Workers from around the community gathered for a workshop on May 3 for North American Occupational Safety and Health Week.
The annual event brings attention to safety in the workplace, as well as in the community.
Greg Whitlock, regional superintendent for the Department of Transportation, has been organizing events for the week for the past 20 years.
“It’s important to continue to recognize the safety components of our jobs so that we don’t get complacent,” said Whitlock.
The guest speaker this year, Dave Fennell, travelled from Cochrane, Alta., to share his expertise on risk tolerance and safety management.
“The injury rate off the job is 10 times what it is on the job,” he said. “You can be safe at work but then not bring it home with you. So my goal is to bring attention to safety in all areas of life.”
David Dewar, the senior health, safety and environment policy co-ordinator at the Northwest Territories Power Corporation (NTPC), attended one of Fennell’s presentations at a conference in 2015.
Taking note of Fennell’s crowd engagement and safety expertise, Dewar asked him to come to Hay River this year for North American Occupational Safety and Health Week.
“The more we can get workers exposed to ideas of health and safety management, the safer we are all going to be,” said Dewar. “The idea is to get people to network and bring ideas to these events. If people start talking about safety on a holistic level, it will be better understood.”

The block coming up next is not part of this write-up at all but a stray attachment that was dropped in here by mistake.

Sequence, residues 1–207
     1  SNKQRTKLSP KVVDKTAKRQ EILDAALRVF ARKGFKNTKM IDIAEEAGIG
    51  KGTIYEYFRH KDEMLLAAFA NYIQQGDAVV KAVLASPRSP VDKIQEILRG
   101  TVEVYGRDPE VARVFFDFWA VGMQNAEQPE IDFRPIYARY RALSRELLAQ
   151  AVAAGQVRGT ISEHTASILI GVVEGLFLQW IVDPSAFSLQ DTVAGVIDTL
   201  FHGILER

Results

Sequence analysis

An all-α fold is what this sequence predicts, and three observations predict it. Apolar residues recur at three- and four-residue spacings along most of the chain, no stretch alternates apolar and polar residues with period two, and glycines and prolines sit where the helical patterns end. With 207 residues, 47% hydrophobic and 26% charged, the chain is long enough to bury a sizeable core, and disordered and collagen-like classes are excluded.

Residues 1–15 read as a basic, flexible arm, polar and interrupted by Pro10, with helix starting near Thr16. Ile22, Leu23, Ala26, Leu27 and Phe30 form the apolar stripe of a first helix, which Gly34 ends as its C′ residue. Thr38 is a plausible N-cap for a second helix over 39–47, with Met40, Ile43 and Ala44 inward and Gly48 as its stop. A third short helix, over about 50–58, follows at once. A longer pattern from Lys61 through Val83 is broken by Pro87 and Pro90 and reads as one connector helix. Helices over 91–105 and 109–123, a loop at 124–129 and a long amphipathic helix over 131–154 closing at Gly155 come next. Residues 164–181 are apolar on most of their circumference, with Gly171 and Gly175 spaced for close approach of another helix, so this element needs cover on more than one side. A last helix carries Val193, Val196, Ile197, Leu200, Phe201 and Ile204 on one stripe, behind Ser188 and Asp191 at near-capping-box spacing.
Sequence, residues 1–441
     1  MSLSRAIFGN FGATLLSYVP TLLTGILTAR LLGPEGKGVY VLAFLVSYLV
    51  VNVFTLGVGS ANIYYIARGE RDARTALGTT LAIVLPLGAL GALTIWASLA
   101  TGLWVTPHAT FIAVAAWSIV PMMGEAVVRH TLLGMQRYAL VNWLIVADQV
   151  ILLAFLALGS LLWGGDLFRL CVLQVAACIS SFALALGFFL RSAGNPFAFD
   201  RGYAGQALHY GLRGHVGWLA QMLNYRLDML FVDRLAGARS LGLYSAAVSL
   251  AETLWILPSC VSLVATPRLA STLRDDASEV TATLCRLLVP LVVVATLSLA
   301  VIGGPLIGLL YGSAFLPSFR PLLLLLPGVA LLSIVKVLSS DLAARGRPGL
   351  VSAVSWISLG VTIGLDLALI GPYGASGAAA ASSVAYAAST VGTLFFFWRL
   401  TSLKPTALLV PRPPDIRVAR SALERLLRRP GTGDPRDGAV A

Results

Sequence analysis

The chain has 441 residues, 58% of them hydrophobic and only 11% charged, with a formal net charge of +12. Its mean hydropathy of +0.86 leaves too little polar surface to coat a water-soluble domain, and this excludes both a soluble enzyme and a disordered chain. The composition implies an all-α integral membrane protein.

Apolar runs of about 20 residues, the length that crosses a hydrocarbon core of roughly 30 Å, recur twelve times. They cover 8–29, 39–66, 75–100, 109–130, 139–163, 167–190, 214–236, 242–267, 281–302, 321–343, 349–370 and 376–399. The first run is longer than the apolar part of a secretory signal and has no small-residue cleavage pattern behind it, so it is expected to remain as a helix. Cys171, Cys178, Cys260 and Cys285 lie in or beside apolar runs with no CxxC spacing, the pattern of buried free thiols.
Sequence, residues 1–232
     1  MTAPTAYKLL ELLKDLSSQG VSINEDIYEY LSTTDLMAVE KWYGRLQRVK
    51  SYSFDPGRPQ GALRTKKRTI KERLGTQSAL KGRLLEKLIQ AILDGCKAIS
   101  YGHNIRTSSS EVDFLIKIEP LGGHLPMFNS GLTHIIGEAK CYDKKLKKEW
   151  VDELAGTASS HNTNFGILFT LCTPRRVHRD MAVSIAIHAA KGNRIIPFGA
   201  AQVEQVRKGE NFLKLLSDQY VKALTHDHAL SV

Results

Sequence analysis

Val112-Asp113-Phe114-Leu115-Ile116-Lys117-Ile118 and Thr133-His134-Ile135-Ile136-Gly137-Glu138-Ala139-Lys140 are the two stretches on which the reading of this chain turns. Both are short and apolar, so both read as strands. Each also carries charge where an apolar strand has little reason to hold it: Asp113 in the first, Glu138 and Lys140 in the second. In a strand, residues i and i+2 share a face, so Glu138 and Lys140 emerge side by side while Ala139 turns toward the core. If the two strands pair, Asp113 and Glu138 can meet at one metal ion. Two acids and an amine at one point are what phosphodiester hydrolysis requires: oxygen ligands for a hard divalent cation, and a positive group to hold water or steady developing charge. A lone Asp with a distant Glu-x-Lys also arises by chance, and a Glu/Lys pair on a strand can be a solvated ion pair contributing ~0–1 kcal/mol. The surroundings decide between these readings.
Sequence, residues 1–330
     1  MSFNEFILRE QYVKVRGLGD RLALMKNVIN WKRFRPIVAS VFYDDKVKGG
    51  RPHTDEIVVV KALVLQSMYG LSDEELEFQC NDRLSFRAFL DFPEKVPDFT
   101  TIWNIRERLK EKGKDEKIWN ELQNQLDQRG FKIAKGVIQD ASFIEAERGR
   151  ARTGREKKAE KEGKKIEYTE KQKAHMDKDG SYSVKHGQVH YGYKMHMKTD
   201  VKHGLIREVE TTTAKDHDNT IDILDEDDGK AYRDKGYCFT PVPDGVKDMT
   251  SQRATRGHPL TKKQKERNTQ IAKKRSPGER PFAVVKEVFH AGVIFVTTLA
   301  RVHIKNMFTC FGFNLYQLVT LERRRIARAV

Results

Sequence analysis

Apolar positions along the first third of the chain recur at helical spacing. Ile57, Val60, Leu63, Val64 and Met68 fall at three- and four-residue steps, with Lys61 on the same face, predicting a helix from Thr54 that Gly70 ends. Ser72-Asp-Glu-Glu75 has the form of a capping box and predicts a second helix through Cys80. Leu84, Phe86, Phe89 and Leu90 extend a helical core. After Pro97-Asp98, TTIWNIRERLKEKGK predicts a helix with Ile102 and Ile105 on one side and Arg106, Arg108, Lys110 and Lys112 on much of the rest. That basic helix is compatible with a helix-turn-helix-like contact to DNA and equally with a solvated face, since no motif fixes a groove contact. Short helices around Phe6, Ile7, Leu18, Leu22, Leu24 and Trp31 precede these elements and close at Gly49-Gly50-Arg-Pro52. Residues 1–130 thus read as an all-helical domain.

Fennell recently retired from his career as a safety professional in the oil and gas industry – most recently from his position as a senior safety advisor with Imperial Oil. Although he has worked in the south for most of his career, he recalls starting out in Norman Wells more than 35 years ago.
“Safety in the North is not so different (from other regions) today but two decades ago there was quite a difference,” he said. “The risk tolerance in the NWT was significantly higher. We have good workers here. When a task needs to be done, someone does it. Today, with the influence of the GNWT, mining companies, oil companies, there has been a lot of influence on the safety culture. Things are not how they were 20 years ago. You can’t just send a junior worker into an untested confined space anymore.”
Now that Fennell is retired, he is able to promote safety through public speaking.
“When I was full time with Imperial Oil, I knew there were more people I could reach,” he said. “Now that I’m retired, I can do it. It’s not a job, it’s a passion. Some people pay me for it. I’m also passionate about kayaking but nobody pays me for that.”
Fennell had a few requests for his expertise for North American Occupational Safety and Health Week but chose Hay River because of his love for the North.
“It’s rewarding to see safety take off in the NWT,” he said. “People that come out will take what they’ve learned and it rubs off everywhere. Teach the kids how to stop and think about what they are doing. This is how we make Hay River a safer, better place.”
Mitchell Touesnard works in mechanical computer-aided design at the NWT Power Corporation and attended Fennell’s presentation.
“He made a point, that just because you’ve done a task 1,000 times with nothing happening doesn’t mean nothing will ever happen,” said Touesnard, after hearing Fennell speak.